Accommodation in St Petersburg doesn’t come cheap, and it pays to book well in advance as places fill up during the White Nights and throughout the summer. The hospitality industry has improved enormously in the past decade, however, with Soviet hotels now largely a thing of the past, replaced instead by a range of brightly decorated hostels, mini-hotels and luxury options.
There has been a revolution in hotel accommodation in St Petersburg and a large expansion of modern, professionally run establishments. Old Soviet fleapits have been reconstructed as contemporary and appealing hotels, some of the city centre’s most desperately derelict buildings have been rebuilt as boutique or luxury properties and the overall standards of service have risen enormously. That said, most hotels are still fairly expensive, with a lack of good midrange places in the city centre. Though they do exist, they tend to get booked up well in advance (particularly during the summer months), so plan ahead if you want to stay in the Historic Heart.
Mini-hotels are a St Petersburg phenomenon. While most aspiring hoteliers are not able to pay for the renovation and conversion of entire buildings themselves, lots of small-time entrepreneurs have been able to buy an apartment or two and create a small hotel in otherwise normal residential buildings. Due to their individuality and the care that often goes into their running, mini-hotels are some of the best places to stay in the city. They also tend to be well located in the centre of the city where demand for rooms is highest. On the downside, they are by their very nature rather small places, so rooms book up quickly.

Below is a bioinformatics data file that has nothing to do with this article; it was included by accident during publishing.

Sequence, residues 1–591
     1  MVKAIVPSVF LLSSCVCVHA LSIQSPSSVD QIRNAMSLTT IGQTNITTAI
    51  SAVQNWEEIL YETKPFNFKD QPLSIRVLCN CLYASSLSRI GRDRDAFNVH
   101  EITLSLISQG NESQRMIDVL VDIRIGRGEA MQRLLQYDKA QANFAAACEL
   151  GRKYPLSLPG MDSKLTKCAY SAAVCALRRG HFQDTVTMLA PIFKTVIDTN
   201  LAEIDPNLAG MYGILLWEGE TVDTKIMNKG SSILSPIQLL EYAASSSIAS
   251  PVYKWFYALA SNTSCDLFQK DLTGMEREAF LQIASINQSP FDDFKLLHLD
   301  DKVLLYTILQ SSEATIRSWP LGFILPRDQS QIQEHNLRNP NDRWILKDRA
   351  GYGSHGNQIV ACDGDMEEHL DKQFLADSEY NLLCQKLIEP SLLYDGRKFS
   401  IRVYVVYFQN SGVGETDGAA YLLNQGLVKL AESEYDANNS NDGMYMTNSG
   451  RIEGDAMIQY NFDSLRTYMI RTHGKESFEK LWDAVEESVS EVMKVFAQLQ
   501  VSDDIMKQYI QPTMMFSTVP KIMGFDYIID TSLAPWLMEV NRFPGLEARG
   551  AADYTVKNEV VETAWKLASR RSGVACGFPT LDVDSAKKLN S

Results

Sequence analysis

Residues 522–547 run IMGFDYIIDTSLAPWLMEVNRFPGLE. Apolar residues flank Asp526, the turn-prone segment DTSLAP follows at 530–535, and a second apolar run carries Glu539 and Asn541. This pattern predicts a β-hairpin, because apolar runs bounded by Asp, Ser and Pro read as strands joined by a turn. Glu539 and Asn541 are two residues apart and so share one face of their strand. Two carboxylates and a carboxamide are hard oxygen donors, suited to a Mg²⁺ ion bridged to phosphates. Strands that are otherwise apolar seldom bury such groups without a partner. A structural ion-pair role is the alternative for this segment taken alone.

Once a city with just a handful of very average, far-flung and depressing hostels, St Petersburg now positively spoils budget travellers with a wide range of places to sleep for well under R1000 a night. Central, well run, safe, clean and with free wi-fi, this new generation of hostels is sure to be embraced by anyone coming to Russia for the first time on a budget. Hostels here tend to be run by enthusiastic staff who themselves have travelled widely and are passionate about sharing their knowledge of their home town with travellers. Book ahead to ensure you get a place at the hostel you want.
As hotels for individual travellers tend to be fairly expensive, even in midrange categories, renting an apartment is a great option and St Petersburg is full of large flats that are regularly rented out to tourists. Security is generally very good, with multiple locks on doors, entry phones and well-lit corridors. Many local travel agencies offer apartments, and the city's profile on the usual home-sharing websites is well established.
Sleep like a Tsar
If you’ve always wanted to sleep in a tsarist palace, here is your chance. Peter the Great built his summer palace at Strelna, a town about 24km from St Petersburg, and now it is Putin’s presidential palace, used for international meetings and state visits. Putin houses his guests on the grounds at the Baltic Star Hotel. If it’s not otherwise occupied, you could stay here, too. Besides the 100 well-appointed rooms in the main hotel, there are 18 VIP cottages on the shore of the Gulf of Finland, each equipped with a private dining room, study, sauna, swimming pool and, of course, staff quarters for your entourage.
Need to Know
- It is essential to reserve at least a month in advance for accommodation during the White Nights (late May to early July).
- Booking online via a hotel's website is usually the cheapest method, as there are few accommodation websites worth bothering with, and most hotels post their best rates online.
Tipping hotel staff and porters will only be expected in the very top hotels in St Petersburg, although it will always be appreciated for good service.
Breakfast is nearly always a buffet (shvetsky stol), and except in four- and five-star hotels, will usually be fairly unexciting, with limited choices.